Humans have consumed food and beverages derived from cocoa beans for 2,500 years. Mayans and Aztecs valued the cocoa bean so highly they used it as currency, not to mention as the basis for the foamy beverage they drank in religious rites. Join us for a short history of chocolate and some fascinating perspectives on its science from Joe Vinson.
- Learn how cocoa pods are harvested and fermented.
- Find out about the fats, alkaloids, and 300 other chemicals at work in your dried and roasted cocoa beans.
- Get the inside scoop on how chocolate affects our health and whether it’s truly an aphrodisiac.
Bring your valentine for a tasty visit that will have you making informed decisions about which chocolate to buy and how much to consume.
About the Speaker
Joe Vinson, an emeritus professor of chemistry at the University of Scranton, is best known for his work with chocolate, tea, coffee, grape juice, cranberry juice, popcorn, and marijuana. His current research interests include the effect of foods, vitamins, and antioxidants on nutrition and health.
Vinson was born in Arkansas and grew up in the San Francisco Bay Area, attending the University of California, Berkeley. At Berkeley he received a BS in chemistry and later, at Iowa State University, received a joint PhD in physical organic chemistry and analytical chemistry. There he also worked at the famous Atomic Energy Commission’s Ames Lab. Vinson is the author of over 100 publications and has been featured on ABC Good Morning America Sunday and National Public Radio. For the last 40 years he has been a National Tour Speaker for the American Chemical Society.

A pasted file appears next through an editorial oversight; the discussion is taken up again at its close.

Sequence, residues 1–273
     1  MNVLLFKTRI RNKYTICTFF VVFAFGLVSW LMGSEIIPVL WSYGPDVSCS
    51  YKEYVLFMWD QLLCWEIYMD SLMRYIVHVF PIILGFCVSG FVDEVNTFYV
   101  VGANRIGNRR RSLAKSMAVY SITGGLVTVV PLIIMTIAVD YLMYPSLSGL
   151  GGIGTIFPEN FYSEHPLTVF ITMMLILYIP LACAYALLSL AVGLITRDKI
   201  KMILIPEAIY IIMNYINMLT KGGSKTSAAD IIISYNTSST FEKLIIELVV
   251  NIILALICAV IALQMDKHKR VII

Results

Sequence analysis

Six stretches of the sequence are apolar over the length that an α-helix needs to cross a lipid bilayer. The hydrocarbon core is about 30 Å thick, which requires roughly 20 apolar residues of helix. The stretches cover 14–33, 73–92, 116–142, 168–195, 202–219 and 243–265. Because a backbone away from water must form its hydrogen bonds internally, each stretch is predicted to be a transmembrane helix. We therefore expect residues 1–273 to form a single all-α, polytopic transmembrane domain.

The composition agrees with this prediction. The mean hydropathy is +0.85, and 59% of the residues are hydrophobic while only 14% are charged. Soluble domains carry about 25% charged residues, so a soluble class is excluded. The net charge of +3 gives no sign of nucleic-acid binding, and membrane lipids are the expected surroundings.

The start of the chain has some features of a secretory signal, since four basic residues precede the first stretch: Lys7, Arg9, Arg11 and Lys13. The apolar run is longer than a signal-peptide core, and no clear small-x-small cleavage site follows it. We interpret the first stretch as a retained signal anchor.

About the Saturday Speaker Series
Dive into fascinating stories of science with our Saturday speaker series!
Every month a speaker will offer a short talk on an intriguing scientific topic, followed by a Q&A or discussion over complimentary tea and coffee. Afterward, feel free to mingle with other guests and the speaker, or spend time visiting our free museum. This year we’ll be discussing everything from the history of chocolate, to how stress affects our DNA, to the ways artwork inspires scientific discovery.
Admission is free, and no reservations are necessary.